A strict requirement is that the data form a *complete* (but not necessarily uniform) grid over the independent variables. If there are $M$ distinct values of $t$ specified, and $N$ distinct values of $s$, then the complete grid requirement means that there must be exactly $M \times N$ rows of data specified, one for each possible $(t, s)$ pair. OrcaFlex will raise an error if this requirement is not satisfied.

The tabular data defines the line contents for any general $(t, s)$ via interpolation between the specified data values. This will be discussed further below.

Whilst the table allows contents to be specified in terms of both $t$ and $s$, it can also be used to specify contents that depend upon just $t$ (i.e. no $s$-dependence) or just $s$ (i.e. no $t$-dependence). This is achieved by setting the independent variable you wish to eliminate to a special value of N/A. This tells OrcaFlex that there is no dependence on this variable.

Note: | If one entry in an independent column is set to N/A, then all other values in the same column must also be set to N/A. |

You might only require a subset of the dependent columns to be full functions of the independent variables. The remaining columns might only depend on one of the independent variables, or might be constant. To avoid having to repeatedly specify the same values on multiple rows of the table, a special value of ditto (") is permitted. This effectively says to *use the value from the row above*. If the row above is also ditto, then OrcaFlex will look at the row above that, and so on and so forth until it finds a non-ditto value.

Note: | A value of ditto is not permitted in the first row of the tabular contents data. |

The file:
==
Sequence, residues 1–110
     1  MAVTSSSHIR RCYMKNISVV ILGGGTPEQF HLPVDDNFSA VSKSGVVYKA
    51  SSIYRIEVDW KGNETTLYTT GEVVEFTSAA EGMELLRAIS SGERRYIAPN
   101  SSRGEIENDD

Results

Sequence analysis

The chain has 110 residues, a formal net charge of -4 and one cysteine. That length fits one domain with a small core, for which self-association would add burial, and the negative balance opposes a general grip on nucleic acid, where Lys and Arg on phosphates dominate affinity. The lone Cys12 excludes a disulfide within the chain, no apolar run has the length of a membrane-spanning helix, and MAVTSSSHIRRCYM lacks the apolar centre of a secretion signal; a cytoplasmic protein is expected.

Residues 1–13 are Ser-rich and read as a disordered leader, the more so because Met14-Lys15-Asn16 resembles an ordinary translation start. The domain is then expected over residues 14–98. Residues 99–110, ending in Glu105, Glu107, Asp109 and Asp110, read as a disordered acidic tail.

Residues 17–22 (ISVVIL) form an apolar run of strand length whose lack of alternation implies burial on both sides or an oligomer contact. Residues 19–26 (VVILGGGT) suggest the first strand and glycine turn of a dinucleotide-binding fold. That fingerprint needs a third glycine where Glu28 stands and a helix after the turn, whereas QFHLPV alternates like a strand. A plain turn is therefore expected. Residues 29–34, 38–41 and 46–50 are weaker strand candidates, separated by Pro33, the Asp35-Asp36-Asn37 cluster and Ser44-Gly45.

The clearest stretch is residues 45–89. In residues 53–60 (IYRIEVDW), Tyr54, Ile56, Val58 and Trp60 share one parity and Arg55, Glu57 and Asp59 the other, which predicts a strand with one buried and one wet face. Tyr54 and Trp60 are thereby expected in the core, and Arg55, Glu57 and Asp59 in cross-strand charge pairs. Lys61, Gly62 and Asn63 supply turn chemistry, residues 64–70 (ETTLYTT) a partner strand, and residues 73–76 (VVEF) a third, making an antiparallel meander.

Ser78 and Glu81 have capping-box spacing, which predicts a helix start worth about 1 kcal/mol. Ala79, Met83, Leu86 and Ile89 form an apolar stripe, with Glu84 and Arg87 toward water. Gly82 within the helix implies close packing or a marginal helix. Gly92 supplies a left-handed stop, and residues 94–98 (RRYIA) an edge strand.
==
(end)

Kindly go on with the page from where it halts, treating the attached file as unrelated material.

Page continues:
Ditto values are also permitted in the $t$ and $s$ columns. This can be useful as a way to demarcate the various sections of the table when it is a function of both $t$ and $s$. For instance, if there are are $M$ $t$ values and $N$ $s$ values, then you might specify this as $M$ blocks of $N$ rows, where the $t$ value is fixed in each block (with the $s$ data cycling through the $N$ distinct values). Specifying a time of ditto for all but the first row of each block can make the table much easier to scan by eye (since there will be $N\!-\!1$ ditto values within each block).

The tabular data can be specified either in an *internal* table or in an *external* file.

If an external file is used you must specify the name of the file. You can give either its full path or a relative path. The file itself must be a text file containing the data in the same layout as the internal table. The 7 columns must appear in the same order as the data in the internal table, and can be separated by spaces or tabs. Each line of the file represents one row of data. You must ensure that the data in the file has the same units as the OrcaFlex model which uses it. The file must not contain any header or footer rows. The *preview* button on the data form can be used to check that the data is intepreted as you intend.

For very large tables it can be awkward and slow to work with the data internally, and so an external file may be more effective. Another scenario where an external file might be preferred is when the data are used in multiple different models, e.g. a chain of restarts.

The data are interpreted identically, irrespective of whether they are internal or external.